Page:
Building the railroad that Went to Sea with photos.
Page 5

Building piers for the concrete arch railroad bridges.

     The concrete Roman arch concrete bridges are fascinating structures. When Henry Flagler was queried about how he was to build so many bridges over the ocean, he replied to the effect, "Well, I will build them one arch at a time." For the purpose of this web site I have separated the construction into two pages. Henry Flagler in effect did the same. The support piers were built first and the arched structure built on top of the piers.

     This was far more complex than the following five photos will explain. To begin with, anything can be built of concrete for which forms can be built. The concrete hardening process is a chemical process - not air drying - therefore will harden under water. Forms, called cofferdams, were built and anchored to the ocean floor. The mud and loose residue were pumped out and wooden piles driven to anchor the mass to the ocean floor. A special strong mixture of "Alsen" cement was poured through a funnel like apparatus to form a seal around the bottom of the cofferdam. Then the water was pumped out and the form filled with a regular mixture of the Alsen concrete mixture with the steel rebar held in place. When hardened, the forms were removed and reused. This process was repeated many times. Alsen cement was a Belgium cement similar to our Portland cement. Tests revealed that Alsen was better for under salt water use. The mixing process was the same as with any concrete. The aggregate rock was shipped in form New England states, that is coral rock was not used in the concrete mixture.  Now to the images.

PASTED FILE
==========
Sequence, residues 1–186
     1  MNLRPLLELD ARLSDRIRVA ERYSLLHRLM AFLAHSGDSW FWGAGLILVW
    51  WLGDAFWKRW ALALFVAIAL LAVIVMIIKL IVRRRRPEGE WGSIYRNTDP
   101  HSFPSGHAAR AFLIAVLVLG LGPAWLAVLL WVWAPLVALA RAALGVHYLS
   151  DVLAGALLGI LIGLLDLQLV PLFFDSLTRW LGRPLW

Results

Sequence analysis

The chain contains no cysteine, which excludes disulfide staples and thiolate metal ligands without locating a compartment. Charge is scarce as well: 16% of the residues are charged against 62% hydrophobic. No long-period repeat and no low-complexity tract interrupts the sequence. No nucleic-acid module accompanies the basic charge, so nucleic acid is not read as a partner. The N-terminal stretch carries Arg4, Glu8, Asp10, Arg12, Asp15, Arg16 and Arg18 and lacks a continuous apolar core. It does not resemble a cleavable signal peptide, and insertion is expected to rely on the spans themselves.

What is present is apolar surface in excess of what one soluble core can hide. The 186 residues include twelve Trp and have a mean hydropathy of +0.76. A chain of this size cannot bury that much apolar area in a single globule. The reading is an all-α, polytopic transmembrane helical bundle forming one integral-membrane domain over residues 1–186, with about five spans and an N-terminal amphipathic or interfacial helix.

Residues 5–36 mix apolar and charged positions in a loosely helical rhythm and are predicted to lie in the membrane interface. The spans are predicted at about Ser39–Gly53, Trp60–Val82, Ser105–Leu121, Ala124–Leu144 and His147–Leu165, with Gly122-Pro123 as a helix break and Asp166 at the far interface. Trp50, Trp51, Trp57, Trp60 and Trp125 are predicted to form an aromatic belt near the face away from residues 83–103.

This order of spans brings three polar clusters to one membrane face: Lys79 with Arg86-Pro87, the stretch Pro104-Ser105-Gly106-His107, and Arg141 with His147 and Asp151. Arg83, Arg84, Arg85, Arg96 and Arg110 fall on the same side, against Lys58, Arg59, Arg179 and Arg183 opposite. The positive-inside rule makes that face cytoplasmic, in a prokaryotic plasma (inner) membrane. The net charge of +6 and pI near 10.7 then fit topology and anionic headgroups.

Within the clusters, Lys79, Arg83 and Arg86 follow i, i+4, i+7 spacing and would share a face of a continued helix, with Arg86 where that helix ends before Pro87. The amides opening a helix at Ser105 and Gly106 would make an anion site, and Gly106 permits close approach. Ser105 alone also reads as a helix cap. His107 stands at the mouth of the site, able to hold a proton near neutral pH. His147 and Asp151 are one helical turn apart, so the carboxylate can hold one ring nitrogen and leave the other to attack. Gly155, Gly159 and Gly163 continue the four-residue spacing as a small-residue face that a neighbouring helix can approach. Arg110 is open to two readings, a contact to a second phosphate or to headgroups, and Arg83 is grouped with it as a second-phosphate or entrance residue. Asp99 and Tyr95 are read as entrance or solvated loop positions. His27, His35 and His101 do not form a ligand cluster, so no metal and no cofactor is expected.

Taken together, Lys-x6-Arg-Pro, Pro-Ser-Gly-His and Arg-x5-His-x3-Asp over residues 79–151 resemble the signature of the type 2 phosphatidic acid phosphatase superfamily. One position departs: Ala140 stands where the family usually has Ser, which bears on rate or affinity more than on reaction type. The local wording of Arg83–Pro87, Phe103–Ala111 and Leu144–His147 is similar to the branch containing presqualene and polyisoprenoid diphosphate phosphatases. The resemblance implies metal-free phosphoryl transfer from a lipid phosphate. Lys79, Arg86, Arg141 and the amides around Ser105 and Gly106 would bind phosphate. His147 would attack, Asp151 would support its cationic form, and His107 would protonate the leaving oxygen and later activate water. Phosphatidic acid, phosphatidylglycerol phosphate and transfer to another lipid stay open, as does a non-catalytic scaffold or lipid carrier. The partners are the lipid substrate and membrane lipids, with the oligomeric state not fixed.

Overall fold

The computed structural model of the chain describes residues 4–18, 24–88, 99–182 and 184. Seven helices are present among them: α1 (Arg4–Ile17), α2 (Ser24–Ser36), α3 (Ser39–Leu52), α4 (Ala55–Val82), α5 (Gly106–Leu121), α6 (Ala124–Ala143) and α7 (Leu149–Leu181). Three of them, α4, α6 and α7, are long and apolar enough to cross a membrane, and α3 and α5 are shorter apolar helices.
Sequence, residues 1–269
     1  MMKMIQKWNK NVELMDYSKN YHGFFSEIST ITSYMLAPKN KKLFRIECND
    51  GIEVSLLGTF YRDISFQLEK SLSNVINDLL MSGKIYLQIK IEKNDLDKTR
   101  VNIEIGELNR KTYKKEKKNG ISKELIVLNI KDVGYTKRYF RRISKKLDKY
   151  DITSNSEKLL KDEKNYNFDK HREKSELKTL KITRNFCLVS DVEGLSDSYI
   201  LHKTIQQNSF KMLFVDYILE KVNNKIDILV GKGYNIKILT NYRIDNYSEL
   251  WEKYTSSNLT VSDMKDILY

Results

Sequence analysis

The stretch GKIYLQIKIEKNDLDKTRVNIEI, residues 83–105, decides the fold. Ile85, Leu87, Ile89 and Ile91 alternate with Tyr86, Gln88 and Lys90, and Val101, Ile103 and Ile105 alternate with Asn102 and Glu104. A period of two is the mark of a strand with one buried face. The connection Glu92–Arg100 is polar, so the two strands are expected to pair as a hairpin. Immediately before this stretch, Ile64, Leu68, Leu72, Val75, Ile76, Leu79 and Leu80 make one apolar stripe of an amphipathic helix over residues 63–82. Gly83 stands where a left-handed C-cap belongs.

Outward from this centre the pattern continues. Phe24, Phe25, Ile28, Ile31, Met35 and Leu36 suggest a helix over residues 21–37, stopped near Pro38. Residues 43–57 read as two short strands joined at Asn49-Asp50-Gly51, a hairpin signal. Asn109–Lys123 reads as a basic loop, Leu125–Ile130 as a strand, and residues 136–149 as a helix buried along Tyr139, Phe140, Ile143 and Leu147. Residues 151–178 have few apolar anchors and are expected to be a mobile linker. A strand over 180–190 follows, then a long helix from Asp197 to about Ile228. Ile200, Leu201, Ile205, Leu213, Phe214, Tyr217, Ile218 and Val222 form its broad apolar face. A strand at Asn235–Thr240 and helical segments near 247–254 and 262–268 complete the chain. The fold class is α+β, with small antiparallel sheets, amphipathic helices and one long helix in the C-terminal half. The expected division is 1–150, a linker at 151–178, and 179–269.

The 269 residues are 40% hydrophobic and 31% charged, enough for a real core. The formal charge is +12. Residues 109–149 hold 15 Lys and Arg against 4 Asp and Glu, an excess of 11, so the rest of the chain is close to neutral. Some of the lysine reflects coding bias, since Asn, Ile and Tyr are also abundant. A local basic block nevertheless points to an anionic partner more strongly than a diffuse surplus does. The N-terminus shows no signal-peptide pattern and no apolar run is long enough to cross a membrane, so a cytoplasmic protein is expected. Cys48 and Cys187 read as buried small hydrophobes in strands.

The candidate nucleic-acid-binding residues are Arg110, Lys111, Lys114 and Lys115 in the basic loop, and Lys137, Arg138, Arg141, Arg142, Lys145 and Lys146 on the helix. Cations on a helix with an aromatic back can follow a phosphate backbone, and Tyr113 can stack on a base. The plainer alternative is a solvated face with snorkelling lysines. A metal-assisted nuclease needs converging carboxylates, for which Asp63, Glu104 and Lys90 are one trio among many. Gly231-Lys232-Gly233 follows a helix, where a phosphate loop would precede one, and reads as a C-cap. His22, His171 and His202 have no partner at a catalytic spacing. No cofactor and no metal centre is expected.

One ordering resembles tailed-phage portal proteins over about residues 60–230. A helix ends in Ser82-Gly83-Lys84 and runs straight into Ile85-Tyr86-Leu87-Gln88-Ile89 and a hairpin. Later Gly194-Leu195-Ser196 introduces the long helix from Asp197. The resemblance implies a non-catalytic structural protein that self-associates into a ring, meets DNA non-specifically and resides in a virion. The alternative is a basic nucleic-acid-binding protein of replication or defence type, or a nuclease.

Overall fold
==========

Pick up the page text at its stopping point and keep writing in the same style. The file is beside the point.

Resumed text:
Above the cofferdam is shown in place and anchored. Piles are being driven into the ocean bottom.
     Above is a completed series of cofferdams ready to fill with concrete.
     A specially made concrete plant was made to operate close to the cofferdams.
     This is a busy photo, but in front of the work derrick are a series of concrete piers with the steel rebar ends protruding upward. Click on the image to enlarge. On the following page, the remaining part of the arch will be built on top of these piers. 
     But first a comment about on another concrete piers used to support steel trust bridges like the Seven Mile and Bahia Honda Bridges. The construction process was the same except the size and shape of the forms were different. The water was so deep at Bahia Honda that metal cofferdams were used. The photo above is for the Seven Mile Bridge near Knight's Key.
     Let's move on and complete an arch bridge.
Railbed Construction Continued on Page 6
Go to shelf 6

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